Buddha 7

                                            THE MESSENGERS OF THE GODS

                                                        THE JUDGEMENT OF KING YAMA
                                                        THE PUNISHMENTS IN THE HELLS

                    
                                                        Devadûta Sutta, Majjhima Nikâya

(1)

 

 

 

 

 

 

 

 

 

 

 

 

(2)

 

 

 

 

 

 

 

 

(3)

Thus have I heard. The Blessed Lord was once staying near Sâvatthî

in the Jetavana grove, in Anâthapindika’s park.

The Blessed One said:

Picture a pair of houses with doors: 

a man with eyes to see, standing between them,

could see the people entering a house, leaving it,

going between the houses, and walking back and forth.

That is how I see beings passing away and being reborn.

I see beings that are lowly or exalted,

ill born or well born,

in good destinies or in evil destinies,

according to the deeds they have done.


Truly, those beings with good conduct in body, speech,

and mind, speak no ill of the noble ones;

possessed of right views,

they collect the karma of their right views;

and after their bodies disintegrate, after they die,

they are reborn in a good destiny,

in the world of heaven,

or among humankind.

 

But those beings with evil conduct in body, speech,

and mind, speak ill of the noble ones;

possessed of wrong views,

they collect the karma of their wrong views;

and... they are reborn in an evil destiny,

in the realm of pretas*,         *hungry ghosts

in the womb of an animal,

or in hell.

                            The judgement by Yama

(4)

The guards of hell seize that person by both arms,

and show him to Yama, the king of the dead.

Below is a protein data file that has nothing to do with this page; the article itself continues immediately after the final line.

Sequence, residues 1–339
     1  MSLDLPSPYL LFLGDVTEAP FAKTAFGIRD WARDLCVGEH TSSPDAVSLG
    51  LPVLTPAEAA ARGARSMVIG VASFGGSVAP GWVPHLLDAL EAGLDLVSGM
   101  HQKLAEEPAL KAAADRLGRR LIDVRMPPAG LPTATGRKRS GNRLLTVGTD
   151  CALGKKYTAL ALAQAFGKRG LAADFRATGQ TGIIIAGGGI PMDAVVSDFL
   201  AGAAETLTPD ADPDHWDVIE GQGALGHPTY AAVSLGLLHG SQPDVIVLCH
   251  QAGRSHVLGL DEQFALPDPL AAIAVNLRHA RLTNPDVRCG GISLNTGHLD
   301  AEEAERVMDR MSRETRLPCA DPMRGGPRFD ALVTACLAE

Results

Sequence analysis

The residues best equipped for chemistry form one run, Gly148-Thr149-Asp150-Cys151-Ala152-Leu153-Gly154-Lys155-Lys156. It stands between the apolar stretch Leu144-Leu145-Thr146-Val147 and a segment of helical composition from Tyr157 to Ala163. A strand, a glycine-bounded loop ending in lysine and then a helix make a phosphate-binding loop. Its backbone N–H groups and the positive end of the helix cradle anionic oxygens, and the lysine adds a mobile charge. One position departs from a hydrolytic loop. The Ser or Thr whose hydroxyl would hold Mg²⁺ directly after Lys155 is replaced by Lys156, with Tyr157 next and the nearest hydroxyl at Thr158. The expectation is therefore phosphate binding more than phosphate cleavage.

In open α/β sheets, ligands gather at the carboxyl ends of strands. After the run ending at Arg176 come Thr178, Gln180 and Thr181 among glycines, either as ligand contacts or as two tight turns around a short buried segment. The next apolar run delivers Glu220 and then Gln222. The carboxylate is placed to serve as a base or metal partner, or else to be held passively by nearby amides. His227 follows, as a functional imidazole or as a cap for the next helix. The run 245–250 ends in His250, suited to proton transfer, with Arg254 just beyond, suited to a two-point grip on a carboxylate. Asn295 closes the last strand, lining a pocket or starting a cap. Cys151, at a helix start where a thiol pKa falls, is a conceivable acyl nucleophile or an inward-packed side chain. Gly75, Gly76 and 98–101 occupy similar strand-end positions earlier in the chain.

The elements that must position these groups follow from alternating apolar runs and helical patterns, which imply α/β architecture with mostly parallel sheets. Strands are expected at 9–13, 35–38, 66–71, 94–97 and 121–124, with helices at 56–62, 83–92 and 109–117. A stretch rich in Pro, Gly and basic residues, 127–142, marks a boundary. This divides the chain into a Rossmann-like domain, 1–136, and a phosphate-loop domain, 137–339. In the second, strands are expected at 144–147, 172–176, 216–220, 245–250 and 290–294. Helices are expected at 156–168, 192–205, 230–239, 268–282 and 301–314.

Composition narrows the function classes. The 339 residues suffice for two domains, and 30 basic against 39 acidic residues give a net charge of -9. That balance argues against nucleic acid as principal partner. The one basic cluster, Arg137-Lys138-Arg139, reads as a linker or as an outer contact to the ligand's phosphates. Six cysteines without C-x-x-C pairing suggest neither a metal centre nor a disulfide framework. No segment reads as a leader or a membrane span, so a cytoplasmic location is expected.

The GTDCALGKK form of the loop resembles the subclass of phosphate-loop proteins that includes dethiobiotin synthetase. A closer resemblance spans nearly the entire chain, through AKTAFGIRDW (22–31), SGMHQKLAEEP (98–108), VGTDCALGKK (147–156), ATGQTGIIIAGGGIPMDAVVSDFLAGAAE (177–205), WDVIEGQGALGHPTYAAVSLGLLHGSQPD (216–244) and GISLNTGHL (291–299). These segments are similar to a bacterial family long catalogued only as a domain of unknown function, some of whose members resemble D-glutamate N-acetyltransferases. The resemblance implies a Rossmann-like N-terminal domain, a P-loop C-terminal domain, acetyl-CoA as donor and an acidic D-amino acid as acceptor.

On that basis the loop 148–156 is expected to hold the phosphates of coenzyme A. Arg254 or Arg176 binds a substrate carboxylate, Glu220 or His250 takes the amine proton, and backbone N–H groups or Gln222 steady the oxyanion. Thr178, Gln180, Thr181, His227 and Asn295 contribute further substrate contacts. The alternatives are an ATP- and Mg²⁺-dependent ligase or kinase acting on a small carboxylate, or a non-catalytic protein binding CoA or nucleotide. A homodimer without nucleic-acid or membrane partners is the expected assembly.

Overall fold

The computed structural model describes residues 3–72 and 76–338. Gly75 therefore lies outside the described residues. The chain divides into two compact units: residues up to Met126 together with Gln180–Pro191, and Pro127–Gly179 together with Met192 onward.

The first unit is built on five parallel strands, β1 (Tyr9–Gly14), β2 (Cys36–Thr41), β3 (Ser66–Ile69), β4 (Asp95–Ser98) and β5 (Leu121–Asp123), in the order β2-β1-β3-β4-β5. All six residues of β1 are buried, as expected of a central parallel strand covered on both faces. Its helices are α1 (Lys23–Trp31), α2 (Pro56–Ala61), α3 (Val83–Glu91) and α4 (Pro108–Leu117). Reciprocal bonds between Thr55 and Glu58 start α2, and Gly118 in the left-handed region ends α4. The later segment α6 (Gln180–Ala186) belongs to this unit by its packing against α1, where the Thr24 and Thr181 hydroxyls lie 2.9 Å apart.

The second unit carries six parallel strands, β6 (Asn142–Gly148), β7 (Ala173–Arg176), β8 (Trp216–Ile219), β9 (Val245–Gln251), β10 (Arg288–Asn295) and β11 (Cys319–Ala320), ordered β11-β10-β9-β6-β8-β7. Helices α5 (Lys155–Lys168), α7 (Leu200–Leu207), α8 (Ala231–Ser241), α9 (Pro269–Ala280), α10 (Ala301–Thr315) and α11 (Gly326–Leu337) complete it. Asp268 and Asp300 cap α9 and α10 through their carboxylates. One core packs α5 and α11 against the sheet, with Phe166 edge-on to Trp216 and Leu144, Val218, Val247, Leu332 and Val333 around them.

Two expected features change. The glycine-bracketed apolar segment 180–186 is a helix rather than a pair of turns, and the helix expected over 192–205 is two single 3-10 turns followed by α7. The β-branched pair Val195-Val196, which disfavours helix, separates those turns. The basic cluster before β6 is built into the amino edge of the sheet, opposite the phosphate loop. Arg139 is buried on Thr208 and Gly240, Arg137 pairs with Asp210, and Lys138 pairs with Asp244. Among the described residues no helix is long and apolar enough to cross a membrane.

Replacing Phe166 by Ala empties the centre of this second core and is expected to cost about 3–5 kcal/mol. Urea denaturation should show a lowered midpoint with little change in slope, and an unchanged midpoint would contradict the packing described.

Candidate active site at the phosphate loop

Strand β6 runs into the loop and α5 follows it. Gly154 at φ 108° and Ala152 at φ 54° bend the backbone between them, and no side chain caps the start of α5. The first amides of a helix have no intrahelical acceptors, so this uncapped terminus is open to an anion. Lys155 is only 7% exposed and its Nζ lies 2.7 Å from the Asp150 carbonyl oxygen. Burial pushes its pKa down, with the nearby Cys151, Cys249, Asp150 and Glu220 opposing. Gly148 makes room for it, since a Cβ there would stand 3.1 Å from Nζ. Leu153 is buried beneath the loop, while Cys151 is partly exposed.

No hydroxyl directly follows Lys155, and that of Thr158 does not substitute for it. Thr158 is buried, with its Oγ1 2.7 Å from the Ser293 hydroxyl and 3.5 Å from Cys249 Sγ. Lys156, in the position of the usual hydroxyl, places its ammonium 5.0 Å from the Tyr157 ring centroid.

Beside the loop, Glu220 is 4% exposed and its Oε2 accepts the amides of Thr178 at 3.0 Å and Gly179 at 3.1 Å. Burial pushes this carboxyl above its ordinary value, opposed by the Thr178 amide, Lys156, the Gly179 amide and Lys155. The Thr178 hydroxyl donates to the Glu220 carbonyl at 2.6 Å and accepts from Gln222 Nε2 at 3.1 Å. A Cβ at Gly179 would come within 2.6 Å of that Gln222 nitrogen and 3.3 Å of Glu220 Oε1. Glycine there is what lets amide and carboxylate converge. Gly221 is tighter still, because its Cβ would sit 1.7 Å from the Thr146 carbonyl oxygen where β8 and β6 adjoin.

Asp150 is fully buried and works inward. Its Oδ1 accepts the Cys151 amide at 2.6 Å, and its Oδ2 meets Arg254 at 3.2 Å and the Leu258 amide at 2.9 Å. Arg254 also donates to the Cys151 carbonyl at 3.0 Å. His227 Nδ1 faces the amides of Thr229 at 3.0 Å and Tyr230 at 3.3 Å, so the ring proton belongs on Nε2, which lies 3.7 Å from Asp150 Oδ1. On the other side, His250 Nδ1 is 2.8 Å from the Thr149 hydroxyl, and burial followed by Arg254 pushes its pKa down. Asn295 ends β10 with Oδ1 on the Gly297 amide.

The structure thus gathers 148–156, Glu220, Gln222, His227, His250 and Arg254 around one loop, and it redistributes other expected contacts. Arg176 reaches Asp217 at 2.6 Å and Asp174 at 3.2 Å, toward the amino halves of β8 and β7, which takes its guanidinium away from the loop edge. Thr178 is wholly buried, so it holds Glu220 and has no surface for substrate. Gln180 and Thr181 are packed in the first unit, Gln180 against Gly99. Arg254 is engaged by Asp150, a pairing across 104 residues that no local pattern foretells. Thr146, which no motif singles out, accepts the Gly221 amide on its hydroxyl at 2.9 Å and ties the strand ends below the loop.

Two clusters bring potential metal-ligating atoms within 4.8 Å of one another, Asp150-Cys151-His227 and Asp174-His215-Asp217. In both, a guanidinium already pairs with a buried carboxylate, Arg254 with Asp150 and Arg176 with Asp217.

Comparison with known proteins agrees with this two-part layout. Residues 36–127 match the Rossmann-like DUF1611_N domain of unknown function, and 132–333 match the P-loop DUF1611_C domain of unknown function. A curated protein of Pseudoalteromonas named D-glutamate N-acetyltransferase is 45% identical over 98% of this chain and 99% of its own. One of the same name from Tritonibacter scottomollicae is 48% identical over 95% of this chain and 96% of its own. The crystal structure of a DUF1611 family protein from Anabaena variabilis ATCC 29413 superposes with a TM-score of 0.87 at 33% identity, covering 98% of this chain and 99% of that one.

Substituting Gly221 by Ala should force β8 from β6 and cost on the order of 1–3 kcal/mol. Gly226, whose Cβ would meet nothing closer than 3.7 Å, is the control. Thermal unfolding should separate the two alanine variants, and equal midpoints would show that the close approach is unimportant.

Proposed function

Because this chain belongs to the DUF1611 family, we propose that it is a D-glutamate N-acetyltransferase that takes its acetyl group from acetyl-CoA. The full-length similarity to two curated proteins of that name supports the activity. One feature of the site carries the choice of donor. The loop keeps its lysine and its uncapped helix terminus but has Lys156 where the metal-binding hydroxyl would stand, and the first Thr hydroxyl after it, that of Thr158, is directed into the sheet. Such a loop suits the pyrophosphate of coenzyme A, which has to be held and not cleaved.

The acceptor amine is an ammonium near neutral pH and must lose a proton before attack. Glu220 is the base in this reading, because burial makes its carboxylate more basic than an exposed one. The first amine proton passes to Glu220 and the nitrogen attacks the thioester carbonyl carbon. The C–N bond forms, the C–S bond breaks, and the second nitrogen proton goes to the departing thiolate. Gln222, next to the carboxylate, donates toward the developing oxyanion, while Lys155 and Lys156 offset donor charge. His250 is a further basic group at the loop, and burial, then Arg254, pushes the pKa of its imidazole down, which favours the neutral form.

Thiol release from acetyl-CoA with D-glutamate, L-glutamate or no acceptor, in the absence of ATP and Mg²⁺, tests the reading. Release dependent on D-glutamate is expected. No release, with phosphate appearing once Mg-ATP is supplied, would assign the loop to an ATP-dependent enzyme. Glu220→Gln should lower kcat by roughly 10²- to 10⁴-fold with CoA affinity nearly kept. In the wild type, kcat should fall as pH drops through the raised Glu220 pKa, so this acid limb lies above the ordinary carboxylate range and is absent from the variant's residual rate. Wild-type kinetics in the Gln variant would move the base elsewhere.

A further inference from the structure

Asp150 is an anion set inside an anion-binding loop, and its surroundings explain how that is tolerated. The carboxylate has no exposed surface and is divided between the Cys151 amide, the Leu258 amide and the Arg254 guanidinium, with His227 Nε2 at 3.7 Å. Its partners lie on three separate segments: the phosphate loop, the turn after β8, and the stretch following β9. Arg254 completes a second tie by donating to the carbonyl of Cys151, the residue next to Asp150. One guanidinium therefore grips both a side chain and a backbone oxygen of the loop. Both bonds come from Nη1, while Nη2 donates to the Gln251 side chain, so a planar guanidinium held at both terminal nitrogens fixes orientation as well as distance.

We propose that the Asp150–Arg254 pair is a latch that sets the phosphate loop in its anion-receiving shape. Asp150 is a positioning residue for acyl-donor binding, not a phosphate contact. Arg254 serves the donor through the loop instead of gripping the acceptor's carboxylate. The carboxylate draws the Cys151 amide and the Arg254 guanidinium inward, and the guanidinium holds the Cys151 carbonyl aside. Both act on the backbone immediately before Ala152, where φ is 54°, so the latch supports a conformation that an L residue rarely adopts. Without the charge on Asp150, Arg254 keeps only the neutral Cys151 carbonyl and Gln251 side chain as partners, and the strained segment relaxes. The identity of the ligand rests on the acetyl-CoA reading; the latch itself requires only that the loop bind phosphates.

This person, your majesty,

did not honour his father or his mother,

did not honour recluses or brahmans,

did not respect his elders in his family.

Your majesty, decree his punishment.

(5)

Then King Yama questions him closely and carefully,

and asks him about the first messenger of the gods.

Fool, did you not see the first messenger of the gods

who appeared among people?

And he replies:  No, sir, I did not see him.

King Yama says:

Fool, did you never see among people

a baby boy, lying on his back,

wallowing in his own urine and excrement?

And he replies:  Yes, sir, I saw that.

 

King Yama says:

Fool, you were a mature intelligent adult,

did you not think:

I too am subject to birth,I have not passed beyond birth,

I must do what is good, in body, speech, and mind?

And he replies:  Sir, I could not;  I was lazy and careless.

King Yama says:

Fool, it was because you were lazy and careless

that you did not do what is good, in body, speech, and mind.

The evil you have done is yours;

it was not done by your mother or father,

your brother or sister, ... your friends or relations,

recluses or brahmans, or gods.

The evil deeds were done by you,

and it is you who will taste their ripening.

(6)

Then King Yama questions him...

about the second messenger of the gods....

Fool, did you never see among people

an old man, or woman, decrepit and bent,

crooked as a rafter, leaning on a stick,

trembling as he went along, miserable,

his youth gone, his teeth broken, his white hair falling out,